Now outside and at his wit’s end, John contemplates suicide.  But when he is just about to throw himself off a bridge, he encounters his cheerful five-year-old son, who loyally assures  him that he wants to grow up to be just like his dad.  This loving gesture raises John’s spirits, and he vows to keep on going towards his goal.

John gets a street job as a juggling advertising sandwich man – the very same job he had mockingly ridiculed when he had seen it from the bus on his early trip to Coney Island.  Only now, John embraces the job with enthusiasm.  He heads back home to tell Mary about his new job  in the hopes that she will forgive him.

But when John arrives home, he sees that Mary is packing up to go live with her family (her mother and two brothers).  Mary is adamant about leaving, but John manages to convince her to at least accept his invitation to take their young son and go with him to a vaudeville show for which he has purchased three tickets.  

The final shots of the film show John and Mary sitting in the vaudeville show audience and joining them all in uproarious laughter as they watch the slapstick antics being performed onstage.

This somewhat enigmatic ending is a key to The Crowd’s greatness.  We don’t know what the future will bring to John and Mary, but we do know that John is a member of “the crowd” of humanity and he seems to have finally embraced that fact.  The film implicitly urges the viewer to embrace that fact, too.  Indeed, underlying the American Dream is the idea that we are all members of “the crowd”.  The studio was worried about the ambiguity of this ending and ordered seven alternative happy-ending finales to be filmed and tested on preview audiences.  But none of them could have matched Vidor’s original ending, the one that was finally released and what we see today.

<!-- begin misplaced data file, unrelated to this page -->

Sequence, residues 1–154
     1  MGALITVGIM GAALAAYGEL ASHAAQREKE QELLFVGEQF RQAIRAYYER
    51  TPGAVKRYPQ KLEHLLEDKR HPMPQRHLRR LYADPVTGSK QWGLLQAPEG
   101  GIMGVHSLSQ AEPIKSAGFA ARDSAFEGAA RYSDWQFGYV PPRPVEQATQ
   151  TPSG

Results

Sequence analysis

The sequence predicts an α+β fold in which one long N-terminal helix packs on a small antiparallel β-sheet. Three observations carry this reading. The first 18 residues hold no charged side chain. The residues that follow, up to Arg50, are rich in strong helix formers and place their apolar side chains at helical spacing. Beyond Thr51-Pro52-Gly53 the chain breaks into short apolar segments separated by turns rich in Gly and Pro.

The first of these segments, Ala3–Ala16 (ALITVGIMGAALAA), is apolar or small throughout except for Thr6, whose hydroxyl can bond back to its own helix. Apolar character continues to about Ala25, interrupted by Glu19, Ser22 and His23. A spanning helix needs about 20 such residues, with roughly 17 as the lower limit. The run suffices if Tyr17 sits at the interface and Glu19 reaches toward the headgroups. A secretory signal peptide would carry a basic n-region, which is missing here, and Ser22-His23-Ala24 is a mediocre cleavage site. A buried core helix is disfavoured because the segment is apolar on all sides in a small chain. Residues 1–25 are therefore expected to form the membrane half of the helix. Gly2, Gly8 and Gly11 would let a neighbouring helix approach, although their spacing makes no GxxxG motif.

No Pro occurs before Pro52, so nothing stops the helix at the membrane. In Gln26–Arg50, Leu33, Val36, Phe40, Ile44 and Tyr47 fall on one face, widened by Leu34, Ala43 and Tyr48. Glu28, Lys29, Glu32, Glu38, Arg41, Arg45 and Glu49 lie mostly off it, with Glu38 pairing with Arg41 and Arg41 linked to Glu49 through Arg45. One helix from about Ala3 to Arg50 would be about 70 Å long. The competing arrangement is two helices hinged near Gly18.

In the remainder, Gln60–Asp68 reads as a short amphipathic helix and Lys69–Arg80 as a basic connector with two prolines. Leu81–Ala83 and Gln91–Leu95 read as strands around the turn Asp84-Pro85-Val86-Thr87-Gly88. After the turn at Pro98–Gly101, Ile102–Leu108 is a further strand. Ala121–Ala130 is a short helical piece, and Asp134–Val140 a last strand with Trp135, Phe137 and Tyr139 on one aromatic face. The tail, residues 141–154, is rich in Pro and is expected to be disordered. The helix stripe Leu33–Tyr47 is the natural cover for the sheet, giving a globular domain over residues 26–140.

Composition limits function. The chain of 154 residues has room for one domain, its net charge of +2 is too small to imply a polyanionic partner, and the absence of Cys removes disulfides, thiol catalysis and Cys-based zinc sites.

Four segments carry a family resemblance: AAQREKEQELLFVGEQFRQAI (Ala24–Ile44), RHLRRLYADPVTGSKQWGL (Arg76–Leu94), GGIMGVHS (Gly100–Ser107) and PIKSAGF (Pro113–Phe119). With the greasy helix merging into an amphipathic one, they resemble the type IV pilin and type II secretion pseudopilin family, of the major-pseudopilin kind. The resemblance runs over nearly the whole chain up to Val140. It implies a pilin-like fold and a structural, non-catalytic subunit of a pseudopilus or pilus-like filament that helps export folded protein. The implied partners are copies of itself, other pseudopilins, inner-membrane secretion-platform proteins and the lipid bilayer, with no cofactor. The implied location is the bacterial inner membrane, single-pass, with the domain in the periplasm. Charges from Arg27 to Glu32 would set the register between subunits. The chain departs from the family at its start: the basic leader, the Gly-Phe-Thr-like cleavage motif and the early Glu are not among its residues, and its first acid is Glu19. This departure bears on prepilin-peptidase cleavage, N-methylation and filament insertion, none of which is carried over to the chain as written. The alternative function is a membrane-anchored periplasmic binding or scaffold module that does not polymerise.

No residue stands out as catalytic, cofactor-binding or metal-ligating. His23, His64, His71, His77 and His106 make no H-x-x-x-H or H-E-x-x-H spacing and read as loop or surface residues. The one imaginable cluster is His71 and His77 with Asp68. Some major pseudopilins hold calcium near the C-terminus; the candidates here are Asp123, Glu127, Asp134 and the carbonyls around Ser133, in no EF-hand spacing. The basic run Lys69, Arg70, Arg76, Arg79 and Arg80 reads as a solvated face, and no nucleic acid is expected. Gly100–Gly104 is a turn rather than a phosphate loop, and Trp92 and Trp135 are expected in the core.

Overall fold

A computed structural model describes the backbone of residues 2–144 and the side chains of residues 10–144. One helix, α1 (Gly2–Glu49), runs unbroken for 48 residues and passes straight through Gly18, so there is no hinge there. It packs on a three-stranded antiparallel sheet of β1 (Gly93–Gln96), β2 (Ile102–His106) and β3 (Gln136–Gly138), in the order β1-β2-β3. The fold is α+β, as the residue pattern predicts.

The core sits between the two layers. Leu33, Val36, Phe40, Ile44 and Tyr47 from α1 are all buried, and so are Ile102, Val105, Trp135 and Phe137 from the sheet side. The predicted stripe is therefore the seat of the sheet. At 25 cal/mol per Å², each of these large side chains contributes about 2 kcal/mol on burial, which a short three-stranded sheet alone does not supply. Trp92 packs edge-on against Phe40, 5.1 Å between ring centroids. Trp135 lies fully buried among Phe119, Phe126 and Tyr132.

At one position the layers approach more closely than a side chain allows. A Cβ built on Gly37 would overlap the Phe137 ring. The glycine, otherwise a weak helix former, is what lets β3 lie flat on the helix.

Overall, The Crowd is not to be seen only as a historical relic.  It continues to this day to be a great cinematic narrative and a moving viewing experience.  
  1. “The Crowd”, Variety, (22 February 1928).   
  2. Mordaunt Hall, “THE SCREEN; Don Juans of the Deep”, The New York Times, (20 February 1928). 
  3. Margarita Landazuri, “The Crowd”, San Francisco Silent Film Festival, (2003).   
  4. Fernando F. Croce. “Film Review: The Crowd”, Slant, (25 February 2007).   
  5. Dennis Schwartz, “CROWD, THE”, Dennis Schwartz Movie Reviews, (23 May 2007).   
  6. Mick LaSalle, “FILM REVIEW -- Vidor's Silent `Crowd' Still an Urban Masterpiece”, SFGATE, (8 November 1995, updated: 4 February 2012).   
  7. Tim Dirks, “The Crowd (1928)”, filmsite, (n.d.).   
  8. Bruce Hodsdon, “The Crowd”, Senses of Cinema, (August 2013).   
  9. The Film Sufi, “Aesthetics of Two Neorealist Films: 'Open City" and "Paisan'”, The Film Sufi, (18 November 2008).
  10. The Film Sufi, “Subjective Realism in the Italian Film”, The Film Sufi, (13 January 2009).
  11. The Film Sufi, “Expressionism in Film”, The Film Sufi, (28 June 2008).   

King Vidor

 Films of King Vidor: